Department of Justice Report Shows Whistleblowers Consistently Rewarded through Qui Tam Lawsuits
Six Key Take-Aways From the 2019 False Claims Act Statistics Report
The False Claims Act remains a remarkably successful tool for fighting fraud on the government. According to annual statistics just released by the U.S. Department of Justice (DOJ), whistleblowers continue to collect handsome rewards for their brave efforts to root out and expose fraud through the filing of qui tam lawsuits. As a lawyer who represents those whistleblowers, this year’s statistical report affirms the importance of the public service that we help our clients perform.
Each year, the U.S. Department of Justice (“DOJ”) releases statistics about litigation and recoveries under the federal False Claims Act for the prior fiscal year. This most recent report shows statistics for the fiscal year 2019, which covers the period October 2, 2018 through September 30, 2019.
Here are six of the key takeaways from this year’s DOJ statistical report:
Whistleblowers continue to receive substantial rewards.
In FY2019, qui tam whistleblowers received $272 million in rewards. Although that is a considerable amount of money, it does represent a fairly significant drop from the prior few years. Indeed, it’s the lowest amount since 2009. Why the number dropped in FY2019 is a mystery to me. My firm’s experience, if anything, suggests that DOJ has become slightly more generous in awards to whistleblowers in successful cases. I strongly suspect that this number will go up substantially in FY2020 simply via “reversion to the mean.” Indeed, in FY2018 whistleblower rewards under the federal False Claims Act totaled $341 million and in FY2017 the total was even higher, at $536 million. Neither the law nor DOJ policy concerning these rewards has changed, so I interpret the year-to-year variation as merely a function of the particular cases that ended in each fiscal year. Remember that the whistleblower awards made in FY2019 are the result of lawsuits filed many years before and just reached the award phase in FY2019, so the FY2019 numbers do not necessarily reflect a particular change that occurred in FY2019. A more meaningful statistic is the 10-year average of $515 million per year.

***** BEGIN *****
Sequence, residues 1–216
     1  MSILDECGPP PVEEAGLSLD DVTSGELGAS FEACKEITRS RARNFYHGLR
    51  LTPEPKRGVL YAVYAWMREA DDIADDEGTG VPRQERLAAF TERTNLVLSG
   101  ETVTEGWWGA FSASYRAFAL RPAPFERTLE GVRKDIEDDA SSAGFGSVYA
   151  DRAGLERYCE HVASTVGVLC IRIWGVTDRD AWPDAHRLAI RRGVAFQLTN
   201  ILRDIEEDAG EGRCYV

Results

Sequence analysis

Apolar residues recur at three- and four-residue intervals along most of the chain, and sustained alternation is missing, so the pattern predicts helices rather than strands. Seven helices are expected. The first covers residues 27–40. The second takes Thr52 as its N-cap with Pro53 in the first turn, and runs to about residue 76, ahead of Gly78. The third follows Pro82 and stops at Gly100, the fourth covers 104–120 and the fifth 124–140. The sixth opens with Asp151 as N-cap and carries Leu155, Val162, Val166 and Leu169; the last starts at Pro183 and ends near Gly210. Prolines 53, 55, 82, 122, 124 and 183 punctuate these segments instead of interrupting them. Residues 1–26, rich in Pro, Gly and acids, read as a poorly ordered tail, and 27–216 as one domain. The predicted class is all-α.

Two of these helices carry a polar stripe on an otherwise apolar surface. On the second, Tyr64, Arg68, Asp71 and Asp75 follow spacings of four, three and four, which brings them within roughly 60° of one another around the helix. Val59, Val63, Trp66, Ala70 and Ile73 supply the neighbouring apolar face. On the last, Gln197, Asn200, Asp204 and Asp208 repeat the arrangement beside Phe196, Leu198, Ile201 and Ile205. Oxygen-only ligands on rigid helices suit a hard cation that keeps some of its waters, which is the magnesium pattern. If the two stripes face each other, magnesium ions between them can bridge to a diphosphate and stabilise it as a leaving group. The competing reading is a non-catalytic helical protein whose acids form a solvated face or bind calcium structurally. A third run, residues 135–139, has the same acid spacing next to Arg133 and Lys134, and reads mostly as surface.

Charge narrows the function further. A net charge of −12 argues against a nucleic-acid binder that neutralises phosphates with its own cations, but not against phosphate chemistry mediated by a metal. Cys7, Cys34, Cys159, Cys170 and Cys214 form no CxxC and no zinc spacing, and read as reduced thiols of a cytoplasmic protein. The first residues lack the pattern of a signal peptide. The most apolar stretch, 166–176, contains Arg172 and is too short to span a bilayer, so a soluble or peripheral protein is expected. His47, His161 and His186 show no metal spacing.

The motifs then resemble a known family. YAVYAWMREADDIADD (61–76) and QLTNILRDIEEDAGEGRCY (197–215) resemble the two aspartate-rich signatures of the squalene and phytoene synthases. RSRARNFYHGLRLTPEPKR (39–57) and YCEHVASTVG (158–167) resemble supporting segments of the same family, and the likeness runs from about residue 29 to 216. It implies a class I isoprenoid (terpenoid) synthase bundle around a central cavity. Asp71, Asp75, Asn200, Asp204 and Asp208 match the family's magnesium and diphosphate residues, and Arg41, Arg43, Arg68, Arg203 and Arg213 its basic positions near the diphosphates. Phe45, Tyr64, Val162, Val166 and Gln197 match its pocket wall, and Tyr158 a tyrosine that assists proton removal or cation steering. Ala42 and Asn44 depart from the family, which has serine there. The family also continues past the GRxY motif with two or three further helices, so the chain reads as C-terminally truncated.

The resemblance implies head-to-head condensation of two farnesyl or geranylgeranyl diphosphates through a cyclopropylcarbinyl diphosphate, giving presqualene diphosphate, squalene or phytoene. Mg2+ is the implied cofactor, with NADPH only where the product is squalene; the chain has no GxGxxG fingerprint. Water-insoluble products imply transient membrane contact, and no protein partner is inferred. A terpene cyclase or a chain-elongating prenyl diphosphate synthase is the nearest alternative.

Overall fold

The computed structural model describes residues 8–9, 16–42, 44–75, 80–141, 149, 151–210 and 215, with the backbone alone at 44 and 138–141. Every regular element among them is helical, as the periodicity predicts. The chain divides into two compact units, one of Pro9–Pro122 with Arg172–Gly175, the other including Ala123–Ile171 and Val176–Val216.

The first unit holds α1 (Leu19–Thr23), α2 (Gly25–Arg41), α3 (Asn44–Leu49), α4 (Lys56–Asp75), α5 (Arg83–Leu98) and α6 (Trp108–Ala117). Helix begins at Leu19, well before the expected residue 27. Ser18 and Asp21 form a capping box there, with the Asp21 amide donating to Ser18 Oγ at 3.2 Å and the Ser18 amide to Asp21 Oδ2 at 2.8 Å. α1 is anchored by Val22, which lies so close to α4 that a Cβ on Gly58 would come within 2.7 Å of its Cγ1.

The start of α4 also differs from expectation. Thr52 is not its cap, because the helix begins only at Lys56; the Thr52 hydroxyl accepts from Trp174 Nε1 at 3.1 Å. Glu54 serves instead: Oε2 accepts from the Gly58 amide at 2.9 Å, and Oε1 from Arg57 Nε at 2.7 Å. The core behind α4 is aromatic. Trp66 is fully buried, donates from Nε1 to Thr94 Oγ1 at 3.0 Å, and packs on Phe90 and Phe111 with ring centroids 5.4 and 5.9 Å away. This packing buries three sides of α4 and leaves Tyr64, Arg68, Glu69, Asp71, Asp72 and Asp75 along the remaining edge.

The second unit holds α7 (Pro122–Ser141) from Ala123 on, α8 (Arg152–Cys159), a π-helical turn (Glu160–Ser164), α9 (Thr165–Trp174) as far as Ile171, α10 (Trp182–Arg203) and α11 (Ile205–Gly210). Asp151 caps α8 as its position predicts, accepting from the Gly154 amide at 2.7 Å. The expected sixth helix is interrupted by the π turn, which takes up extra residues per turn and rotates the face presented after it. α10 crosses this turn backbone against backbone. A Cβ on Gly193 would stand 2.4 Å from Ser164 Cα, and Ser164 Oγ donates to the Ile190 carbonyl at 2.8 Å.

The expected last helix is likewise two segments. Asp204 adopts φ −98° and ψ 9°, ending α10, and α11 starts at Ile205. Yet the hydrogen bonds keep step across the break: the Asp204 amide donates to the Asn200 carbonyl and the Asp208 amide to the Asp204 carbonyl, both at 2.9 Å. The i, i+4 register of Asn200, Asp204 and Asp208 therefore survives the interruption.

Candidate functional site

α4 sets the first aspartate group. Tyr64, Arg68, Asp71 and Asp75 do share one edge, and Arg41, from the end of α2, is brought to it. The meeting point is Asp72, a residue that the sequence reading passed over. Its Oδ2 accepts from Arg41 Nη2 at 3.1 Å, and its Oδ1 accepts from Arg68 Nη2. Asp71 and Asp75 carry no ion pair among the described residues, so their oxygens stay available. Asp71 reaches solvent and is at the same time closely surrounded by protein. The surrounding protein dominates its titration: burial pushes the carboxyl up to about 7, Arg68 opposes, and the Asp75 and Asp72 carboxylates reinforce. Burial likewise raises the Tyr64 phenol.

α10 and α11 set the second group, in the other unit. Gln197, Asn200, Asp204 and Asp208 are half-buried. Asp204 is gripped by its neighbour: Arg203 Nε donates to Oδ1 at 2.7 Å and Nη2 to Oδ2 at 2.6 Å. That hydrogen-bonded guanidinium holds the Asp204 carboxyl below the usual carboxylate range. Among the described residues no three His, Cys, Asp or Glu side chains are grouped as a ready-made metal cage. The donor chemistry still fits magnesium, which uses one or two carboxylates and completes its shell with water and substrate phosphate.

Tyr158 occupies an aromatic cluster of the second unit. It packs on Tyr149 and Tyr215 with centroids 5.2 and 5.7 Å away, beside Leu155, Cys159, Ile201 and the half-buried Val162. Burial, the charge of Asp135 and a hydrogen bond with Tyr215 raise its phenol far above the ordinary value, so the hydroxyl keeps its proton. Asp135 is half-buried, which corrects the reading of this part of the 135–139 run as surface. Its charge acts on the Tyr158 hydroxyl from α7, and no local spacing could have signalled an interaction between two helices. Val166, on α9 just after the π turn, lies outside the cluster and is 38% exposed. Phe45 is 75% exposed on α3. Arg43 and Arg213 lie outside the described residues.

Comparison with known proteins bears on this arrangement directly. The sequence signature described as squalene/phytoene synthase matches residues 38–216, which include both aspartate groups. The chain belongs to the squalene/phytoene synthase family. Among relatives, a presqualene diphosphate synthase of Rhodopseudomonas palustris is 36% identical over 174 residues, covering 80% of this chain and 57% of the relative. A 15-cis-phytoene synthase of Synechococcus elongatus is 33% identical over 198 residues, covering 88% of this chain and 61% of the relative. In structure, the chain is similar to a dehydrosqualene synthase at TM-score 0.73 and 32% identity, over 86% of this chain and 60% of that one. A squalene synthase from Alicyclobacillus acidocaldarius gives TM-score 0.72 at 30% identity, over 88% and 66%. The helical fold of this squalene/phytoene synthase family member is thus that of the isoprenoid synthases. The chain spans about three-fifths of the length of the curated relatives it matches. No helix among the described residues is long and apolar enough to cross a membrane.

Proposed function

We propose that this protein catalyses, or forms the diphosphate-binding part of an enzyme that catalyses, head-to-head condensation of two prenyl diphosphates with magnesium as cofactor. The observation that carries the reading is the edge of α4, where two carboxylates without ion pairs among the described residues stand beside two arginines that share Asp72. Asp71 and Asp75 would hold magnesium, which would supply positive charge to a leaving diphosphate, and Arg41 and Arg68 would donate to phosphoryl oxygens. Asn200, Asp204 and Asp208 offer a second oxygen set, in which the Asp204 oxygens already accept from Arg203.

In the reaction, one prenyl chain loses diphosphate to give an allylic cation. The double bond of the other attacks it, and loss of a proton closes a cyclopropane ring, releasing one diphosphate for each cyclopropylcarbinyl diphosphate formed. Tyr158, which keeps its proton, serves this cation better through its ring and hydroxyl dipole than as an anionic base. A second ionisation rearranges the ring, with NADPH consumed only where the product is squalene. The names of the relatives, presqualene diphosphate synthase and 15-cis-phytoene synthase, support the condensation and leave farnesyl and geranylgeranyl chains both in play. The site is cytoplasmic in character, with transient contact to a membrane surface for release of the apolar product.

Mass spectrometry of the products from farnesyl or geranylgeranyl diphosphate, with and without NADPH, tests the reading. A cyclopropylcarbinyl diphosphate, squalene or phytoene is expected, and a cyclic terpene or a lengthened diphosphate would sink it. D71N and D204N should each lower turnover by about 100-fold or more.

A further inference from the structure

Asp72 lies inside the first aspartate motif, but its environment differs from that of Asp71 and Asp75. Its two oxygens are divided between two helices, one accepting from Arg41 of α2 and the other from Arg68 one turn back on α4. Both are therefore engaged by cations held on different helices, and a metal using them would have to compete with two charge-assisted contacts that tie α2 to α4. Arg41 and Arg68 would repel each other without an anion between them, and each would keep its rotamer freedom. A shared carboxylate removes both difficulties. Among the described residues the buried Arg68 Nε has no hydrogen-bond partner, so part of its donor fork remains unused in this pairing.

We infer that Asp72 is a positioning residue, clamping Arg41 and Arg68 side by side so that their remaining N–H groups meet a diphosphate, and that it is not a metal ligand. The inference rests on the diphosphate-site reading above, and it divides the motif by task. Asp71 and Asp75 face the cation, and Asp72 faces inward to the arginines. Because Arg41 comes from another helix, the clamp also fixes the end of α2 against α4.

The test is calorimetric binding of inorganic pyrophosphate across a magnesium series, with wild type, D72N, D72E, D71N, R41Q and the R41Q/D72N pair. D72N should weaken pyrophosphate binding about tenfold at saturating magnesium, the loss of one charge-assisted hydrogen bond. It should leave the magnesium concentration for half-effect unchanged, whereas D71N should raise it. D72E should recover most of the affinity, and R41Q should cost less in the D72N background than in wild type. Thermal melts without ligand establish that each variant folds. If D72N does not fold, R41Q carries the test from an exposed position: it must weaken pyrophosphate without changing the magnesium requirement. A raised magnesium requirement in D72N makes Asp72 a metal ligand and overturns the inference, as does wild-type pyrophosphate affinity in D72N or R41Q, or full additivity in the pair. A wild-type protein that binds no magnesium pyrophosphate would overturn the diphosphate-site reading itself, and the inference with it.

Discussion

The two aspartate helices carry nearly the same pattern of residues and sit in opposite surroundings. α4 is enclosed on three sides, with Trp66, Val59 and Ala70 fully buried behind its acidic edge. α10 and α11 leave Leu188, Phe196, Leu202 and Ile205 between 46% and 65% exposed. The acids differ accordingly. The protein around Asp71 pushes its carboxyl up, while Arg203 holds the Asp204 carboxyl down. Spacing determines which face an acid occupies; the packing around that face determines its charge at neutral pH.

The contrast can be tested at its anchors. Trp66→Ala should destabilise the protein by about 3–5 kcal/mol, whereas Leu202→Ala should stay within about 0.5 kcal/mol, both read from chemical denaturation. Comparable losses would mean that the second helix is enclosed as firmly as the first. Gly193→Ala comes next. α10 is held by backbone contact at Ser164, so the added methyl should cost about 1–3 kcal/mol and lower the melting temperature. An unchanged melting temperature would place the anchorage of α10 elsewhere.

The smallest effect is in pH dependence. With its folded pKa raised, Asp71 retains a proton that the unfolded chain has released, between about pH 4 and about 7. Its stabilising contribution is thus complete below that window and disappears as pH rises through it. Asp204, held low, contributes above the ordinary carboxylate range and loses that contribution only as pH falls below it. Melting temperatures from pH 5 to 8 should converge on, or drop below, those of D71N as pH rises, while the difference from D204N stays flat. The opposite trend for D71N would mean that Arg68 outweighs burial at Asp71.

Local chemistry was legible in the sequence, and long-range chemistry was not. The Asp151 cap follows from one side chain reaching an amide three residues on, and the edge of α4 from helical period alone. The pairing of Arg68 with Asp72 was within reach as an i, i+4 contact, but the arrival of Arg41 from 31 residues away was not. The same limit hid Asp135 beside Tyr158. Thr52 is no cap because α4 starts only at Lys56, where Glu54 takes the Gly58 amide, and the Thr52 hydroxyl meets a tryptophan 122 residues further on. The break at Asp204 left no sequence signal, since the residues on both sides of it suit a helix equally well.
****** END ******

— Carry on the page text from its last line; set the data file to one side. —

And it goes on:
Fraud in the healthcare industry continues to be the primary focus of False Claims Act litigation.
As has been true for many years, the majority of new case filings, settlements, and awards to whistleblowers came in cases involved the Department of Health and Human Services. That means Medicare and Medicaid. But cases continue to be filed and successfully litigated in many other areas, including defense procurement fraud, fraud in other areas of government contracting, and customs duties evasion.
The pace of DOJ enforcement under the False Claims Act has not slowed.